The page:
Historically, the nondiscrimination rule was applied first to common carriers and then to public utilities because both were typically supplied by firms that had a monopoly position in the relevant market, which meant that a refusal of the operator of those facilities to supply the service to all comers left disappointed customers quite literally out in the cold. Nonetheless, the antidiscrimination principle was confined to those cases, so that in competitive markets any person could for any reason offer whatever goods and services he or she had on whatever terms and conditions that he or she saw fit to make.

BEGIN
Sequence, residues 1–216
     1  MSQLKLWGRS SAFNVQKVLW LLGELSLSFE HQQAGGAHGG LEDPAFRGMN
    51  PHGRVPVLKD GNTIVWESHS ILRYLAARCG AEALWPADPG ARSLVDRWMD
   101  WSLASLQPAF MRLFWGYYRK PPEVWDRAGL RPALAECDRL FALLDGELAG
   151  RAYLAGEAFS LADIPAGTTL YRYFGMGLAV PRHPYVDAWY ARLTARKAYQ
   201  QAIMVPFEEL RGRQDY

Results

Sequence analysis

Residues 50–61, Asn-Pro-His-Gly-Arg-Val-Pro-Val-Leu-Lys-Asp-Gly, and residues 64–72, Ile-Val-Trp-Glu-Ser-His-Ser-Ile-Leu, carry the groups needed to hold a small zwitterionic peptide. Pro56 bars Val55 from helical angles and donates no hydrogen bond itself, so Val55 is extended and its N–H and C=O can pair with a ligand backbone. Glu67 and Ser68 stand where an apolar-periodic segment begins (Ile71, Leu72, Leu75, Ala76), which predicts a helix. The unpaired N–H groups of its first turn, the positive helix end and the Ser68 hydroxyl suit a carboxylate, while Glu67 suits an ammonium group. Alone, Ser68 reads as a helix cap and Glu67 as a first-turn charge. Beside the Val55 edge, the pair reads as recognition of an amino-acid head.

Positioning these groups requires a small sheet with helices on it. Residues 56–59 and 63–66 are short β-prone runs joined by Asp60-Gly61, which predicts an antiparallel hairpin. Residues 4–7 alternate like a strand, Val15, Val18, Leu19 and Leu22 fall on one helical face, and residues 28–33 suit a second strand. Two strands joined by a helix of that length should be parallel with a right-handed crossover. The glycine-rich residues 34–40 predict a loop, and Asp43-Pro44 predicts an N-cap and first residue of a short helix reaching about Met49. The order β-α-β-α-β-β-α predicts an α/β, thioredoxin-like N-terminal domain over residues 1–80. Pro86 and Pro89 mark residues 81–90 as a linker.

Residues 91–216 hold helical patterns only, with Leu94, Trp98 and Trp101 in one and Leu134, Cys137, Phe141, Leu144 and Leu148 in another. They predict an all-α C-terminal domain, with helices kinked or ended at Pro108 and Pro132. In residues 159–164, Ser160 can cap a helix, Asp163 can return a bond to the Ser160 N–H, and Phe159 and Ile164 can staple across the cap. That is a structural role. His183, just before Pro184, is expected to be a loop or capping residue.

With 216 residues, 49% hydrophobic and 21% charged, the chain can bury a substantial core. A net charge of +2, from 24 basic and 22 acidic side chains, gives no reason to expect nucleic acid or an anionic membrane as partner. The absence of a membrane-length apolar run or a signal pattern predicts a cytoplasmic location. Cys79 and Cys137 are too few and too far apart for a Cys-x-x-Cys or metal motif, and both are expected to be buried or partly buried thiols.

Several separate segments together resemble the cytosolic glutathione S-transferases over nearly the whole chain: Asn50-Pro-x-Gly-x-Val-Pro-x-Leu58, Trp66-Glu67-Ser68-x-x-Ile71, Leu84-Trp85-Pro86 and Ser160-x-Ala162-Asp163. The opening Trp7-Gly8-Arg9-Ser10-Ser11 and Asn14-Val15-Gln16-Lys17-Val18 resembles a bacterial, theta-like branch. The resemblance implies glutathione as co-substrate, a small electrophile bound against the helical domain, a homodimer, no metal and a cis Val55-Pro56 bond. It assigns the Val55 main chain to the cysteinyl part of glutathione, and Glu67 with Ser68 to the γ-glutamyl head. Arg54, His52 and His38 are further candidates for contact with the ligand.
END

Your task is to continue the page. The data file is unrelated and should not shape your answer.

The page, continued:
The basic rule was stated with commendable clarity by Lord Ellenborough in England as early as 1810. In Allnutt v. Inglis, he wrote that in general every person “may fix what price he pleases on his own property,” but “if he will take the benefit of a monopoly, he must as an equivalent perform the duty attached to it on reasonable terms.” That principle worked its way into American public utility regulation as a constitutional matter in the 1876 decision of Munn v. Illinois. Over time its full elaboration denied that any common carrier or public utility had the power to turn away customers who had no reasonable alternative for obtaining service.